Vulnerabilities / Threats
8/19/2009
07:02 PM
Connect Directly
LinkedIn
Twitter
Google+
RSS
E-Mail
50%
50%

Identity Theft Malware Surges 600%

Hard times appear to be one reason for the explosion of malicious software designed to steal sensitive personal and financial information.

The indictment of Albert Gonzales of Miami, Fla., for allegedly hacking into corporate computers and stealing more than 130 million credit and debit cards may not have much impact on the identity theft underground.

In the first half of 2009, the number of computer users affected by malware engineered to steal personal information has risen by 600% compared to the January through June period in 2008, according to PandaLabs, part of computer security company Panda Security. In quantitative terms, Panda reports identifying 391,406 computers infected with identity-theft malware in the first six months of the year.

Luis Corrons, technical director of PandaLabs, speculates that the global economic downturn and the thriving black market for credit and debit card numbers and online account information is driving the creation of so much identity stealing malware. He also notes that the distribution of identity-theft malware through social networks and services like Facebook and Twitter is on the rise.

Panda reports receiving more than 35,000 new malware samples -- viruses, worms, Trojans and the like -- every day. Trojan software designed to steal bank details, credit/debit card numbers, or online account login names and passwords represents 71% of this total. That's up from 51% in 2007.

Identity thieves are also seeking sensitive information through a more diverse set of targets. Where previously financial data thieves focused on spoofing online bank sites to dupe users into entering login information, they have recently been targeting a variety of services where payment account information may be stored or entered, like PayPal, Amazon, eBay, or charity sites.

The methods used to propagate identity theft malware have also become more diverse. Whereas e-mail used to be the primary medium for malware distribution, social sites have become a major attack vector, along with infected Web pages, SMS messages containing Web links, and spyware that attempts to convince users to pay for fake antivirus programs.

Acting U.S. Attorney Ralph J. Marra, Jr. said the indictment of Gonzales shows that law enforcement can track down even the most sophisticated global hacking conspiracies. Whether law enforcement can keep up with growth of the identity theft industry remains to be seen.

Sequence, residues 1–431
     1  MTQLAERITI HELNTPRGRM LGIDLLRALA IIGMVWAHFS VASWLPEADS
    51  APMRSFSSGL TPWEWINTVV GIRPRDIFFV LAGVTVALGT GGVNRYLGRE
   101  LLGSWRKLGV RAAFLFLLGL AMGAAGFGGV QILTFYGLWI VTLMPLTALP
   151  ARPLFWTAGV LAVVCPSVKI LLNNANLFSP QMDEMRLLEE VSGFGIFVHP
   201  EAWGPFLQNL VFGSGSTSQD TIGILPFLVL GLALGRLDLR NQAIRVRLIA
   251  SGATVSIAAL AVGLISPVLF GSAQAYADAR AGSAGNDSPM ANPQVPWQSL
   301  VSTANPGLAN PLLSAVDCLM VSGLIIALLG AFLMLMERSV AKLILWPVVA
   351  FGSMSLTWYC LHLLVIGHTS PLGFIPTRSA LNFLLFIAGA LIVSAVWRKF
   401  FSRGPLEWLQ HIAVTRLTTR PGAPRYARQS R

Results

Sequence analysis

InformationWeek Analytics has published an independent analysis on data-loss prevention. Download the report here (registration required).

Comment  | 
Print  | 
More Insights
Register for Dark Reading Newsletters
White Papers
Cartoon
Current Issue
Flash Poll
Video
Slideshows
Twitter Feed
Dark Reading - Bug Report
Bug Report
Enterprise Vulnerabilities
From DHS/US-CERT's National Vulnerability Database
CVE-2014-3352
Published: 2014-08-30
Cisco Intelligent Automation for Cloud (aka Cisco Cloud Portal) 2008.3_SP9 and earlier does not properly consider whether a session is a problematic NULL session, which allows remote attackers to obtain sensitive information via crafted packets, related to an "iFrame vulnerability," aka Bug ID CSCuh...

CVE-2014-3908
Published: 2014-08-30
The Amazon.com Kindle application before 4.5.0 for Android does not verify X.509 certificates from SSL servers, which allows man-in-the-middle attackers to spoof servers and obtain sensitive information via a crafted certificate.

CVE-2010-5110
Published: 2014-08-29
DCTStream.cc in Poppler before 0.13.3 allows remote attackers to cause a denial of service (crash) via a crafted PDF file.

CVE-2012-1503
Published: 2014-08-29
Cross-site scripting (XSS) vulnerability in Six Apart (formerly Six Apart KK) Movable Type (MT) Pro 5.13 allows remote attackers to inject arbitrary web script or HTML via the comment section.

CVE-2013-5467
Published: 2014-08-29
Monitoring Agent for UNIX Logs 6.2.0 through FP03, 6.2.1 through FP04, 6.2.2 through FP09, and 6.2.3 through FP04 and Monitoring Server (ms) and Shared Libraries (ax) 6.2.0 through FP03, 6.2.1 through FP04, 6.2.2 through FP08, 6.2.3 through FP01, and 6.3.0 through FP01 in IBM Tivoli Monitoring (ITM)...

Best of the Web
Dark Reading Radio
Archived Dark Reading Radio
This episode of Dark Reading Radio looks at infosec security from the big enterprise POV with interviews featuring Ron Plesco, Cyber Investigations, Intelligence & Analytics at KPMG; and Chris Inglis & Chris Bell of Securonix.